When is my collection of medical antiques “complete?”

So when is my collection of medical antiques “complete?”

The experienced collector with a large collection might answer: when you have a Heine Osteototome. This may be considered the Holy Graal of medical antiques as only 8 are known to exist per my mentor, Dr. Doug Arbittier.

As you can see from the articles below, the Heine osteotome was recognized as a mechanical chainsaw that was well before its time, arriving on the scene in the 1830s when all doctors where using bone saws and non-mechanized saws. They were extremely expensive, roughly $300 USD each vs $5 USD for a Standard Capital Saw in Tiemann’s catalog. Most doctors could not afford them, did not know how to use them, and they were not bought, hence their rarity,

Well, I finally got my hands on an unmarked Heine Osteome with Totrtosise Shell Handle in the original box, It needed some museum quality restoration work and the images I took this AM with my smart phone on a wooden desk chair but I was excited…the osteotome is a foot long, probably smaller.

To be honest, given the cost, I cannot say I feel as though my cup runneth over with joy–but it is nice to have!

Below are a few links which may be of value to you:




Below is an interesting article about the Heine Osteotome from:

Clinical Orthopaedics and Related Research®

, Volume 474, Issue 5, pp 1108–1109

When Bernhard Heine (1800–1846) was just 10-years-old, his parents sent him to his uncle’s workshop in Würzburg, Germany to begin an apprenticeship as an orthopaedic technician. He was in good hands. His uncle, Johann G. Heine, is widely considered the founder of orthopaedics in Germany [3, 4, 9], having opened the Caroline Institute (Karolinen-Institut, named after the Bavarian Queen Caroline), the first orthopaedic institution in Germany, in 1816. Johann’s renowned workshop in Würzburg manufactured artificial limbs, wheelchairs, and other orthopaedic devices.

Like his uncle Johann, Bernhard Heine had a natural talent for crafting orthopaedic devices, but lacked a formal medical education. Instead, Bernhard Heine attended anatomical lectures and surgical demonstrations. At the age of 20, he traveled the world to further his medical education [9]. Upon his return, Heine practiced medicine and surgery, specializing in orthopaedic surgery. He designed and built many of his own instruments and appliances, but none as important or widely renowned as the chain osteotome, which he developed in 1830.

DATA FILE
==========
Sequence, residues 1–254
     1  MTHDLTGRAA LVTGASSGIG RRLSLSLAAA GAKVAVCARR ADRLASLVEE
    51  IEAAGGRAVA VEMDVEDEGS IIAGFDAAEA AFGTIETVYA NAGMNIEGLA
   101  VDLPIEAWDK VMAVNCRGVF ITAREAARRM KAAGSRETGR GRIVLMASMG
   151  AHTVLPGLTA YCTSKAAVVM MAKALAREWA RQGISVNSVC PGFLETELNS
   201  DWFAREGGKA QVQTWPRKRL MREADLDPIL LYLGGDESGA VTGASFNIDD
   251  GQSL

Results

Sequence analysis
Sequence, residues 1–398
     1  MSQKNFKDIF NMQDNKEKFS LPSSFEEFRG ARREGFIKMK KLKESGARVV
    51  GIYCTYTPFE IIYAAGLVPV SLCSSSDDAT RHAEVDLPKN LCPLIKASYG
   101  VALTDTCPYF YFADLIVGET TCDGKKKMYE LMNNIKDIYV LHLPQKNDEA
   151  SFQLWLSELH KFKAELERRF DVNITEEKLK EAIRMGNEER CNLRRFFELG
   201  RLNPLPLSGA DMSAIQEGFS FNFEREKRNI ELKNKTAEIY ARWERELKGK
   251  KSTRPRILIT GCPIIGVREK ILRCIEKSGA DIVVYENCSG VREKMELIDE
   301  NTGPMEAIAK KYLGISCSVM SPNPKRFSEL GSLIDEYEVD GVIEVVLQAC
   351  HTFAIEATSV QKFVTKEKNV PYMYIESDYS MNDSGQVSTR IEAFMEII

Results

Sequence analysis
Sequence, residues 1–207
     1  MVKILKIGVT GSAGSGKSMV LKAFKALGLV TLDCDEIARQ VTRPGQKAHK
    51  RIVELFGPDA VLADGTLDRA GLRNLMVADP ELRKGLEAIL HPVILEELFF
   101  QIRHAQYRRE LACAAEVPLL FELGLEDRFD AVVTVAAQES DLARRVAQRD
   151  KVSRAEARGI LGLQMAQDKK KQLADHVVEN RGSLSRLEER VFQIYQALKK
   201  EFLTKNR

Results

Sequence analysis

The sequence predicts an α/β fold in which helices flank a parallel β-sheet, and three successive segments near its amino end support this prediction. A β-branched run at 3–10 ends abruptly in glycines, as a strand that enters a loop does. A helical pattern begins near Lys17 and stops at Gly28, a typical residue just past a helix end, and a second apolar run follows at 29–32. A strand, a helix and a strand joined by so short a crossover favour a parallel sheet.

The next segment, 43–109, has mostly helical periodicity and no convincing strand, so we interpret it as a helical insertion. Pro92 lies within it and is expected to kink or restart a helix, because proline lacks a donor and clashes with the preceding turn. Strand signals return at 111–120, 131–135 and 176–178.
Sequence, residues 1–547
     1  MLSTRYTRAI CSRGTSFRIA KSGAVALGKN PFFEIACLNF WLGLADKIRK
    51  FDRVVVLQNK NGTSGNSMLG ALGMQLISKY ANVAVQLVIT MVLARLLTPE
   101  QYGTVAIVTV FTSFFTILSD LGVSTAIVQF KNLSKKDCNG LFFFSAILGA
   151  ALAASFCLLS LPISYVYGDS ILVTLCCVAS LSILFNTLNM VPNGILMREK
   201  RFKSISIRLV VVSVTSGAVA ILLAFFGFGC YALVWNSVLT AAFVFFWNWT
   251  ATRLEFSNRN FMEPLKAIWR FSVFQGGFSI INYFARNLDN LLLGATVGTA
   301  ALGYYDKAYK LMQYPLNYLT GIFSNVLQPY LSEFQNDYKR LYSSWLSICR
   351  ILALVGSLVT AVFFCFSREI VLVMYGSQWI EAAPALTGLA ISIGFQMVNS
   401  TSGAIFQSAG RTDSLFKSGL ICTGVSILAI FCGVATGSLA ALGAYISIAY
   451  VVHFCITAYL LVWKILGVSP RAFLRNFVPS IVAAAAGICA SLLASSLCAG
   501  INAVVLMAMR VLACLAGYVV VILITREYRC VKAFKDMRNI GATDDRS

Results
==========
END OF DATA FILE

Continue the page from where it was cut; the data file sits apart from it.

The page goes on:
Heine’s design, similar to the modern chainsaw, cut through bone quickly, without the patient enduring blows from a hammer and chisel or jarring from a regular amputation saw—an important advancement at a time when anesthesia was rarely employed. Surgeons could perform resections and even craniotomies without leaving bone splinters or damaging surrounding tissue [5, 6]. The example held by the National Museum of Health and Medicine, however, illustrates the complexity of the instrument (Fig. 1). Several guards on the saw could be configured to minimize the cutting surface and prevent soft-tissue damage. A rod with a screw tip served as a pivot for craniotomies. The saw required considerable skill to use, and few could wield it as well as Heine.

Still, the invention brought great fame to Heine. In 1835, he was awarded the prestigious Monthyon Prize by the Académie Française. He then spent 6 months in Russia demonstrating the instrument as a guest of the Czar [4].

Osteotomes were manufactured in Germany by Bernard Heine and in France by Charriere et Fils. George Tiemann and Co. of New York, eager to demonstrate that they were a world-class producer of surgical instruments, manufactured this chain osteotome in the United States with a tortoise shell handle and gold plated parts [8]. It was displayed at the 1872 Exposition universelle de Lyon to demonstrate virtuosity in surgical instrument fabrication, and was awarded both the silver and bronze medal, which they proudly included on the title page of subsequent catalogs. The instrument was donated to the Army Medical Museum after the exposition, only to be borrowed for the 1876 Centennial Exposition [1, 2]. Tiemann subsequently marketed the osteotome for USD 300 in the 1872 catalog compared with USD 5 for a standard capital saw or USD 191 for a Buck’s general operating set [7].

Perhaps the importance of the chain osteotome was more symbolic than practical; it demonstrated that orthopaedic surgery was not only a medical specialty, but one that merited prestige.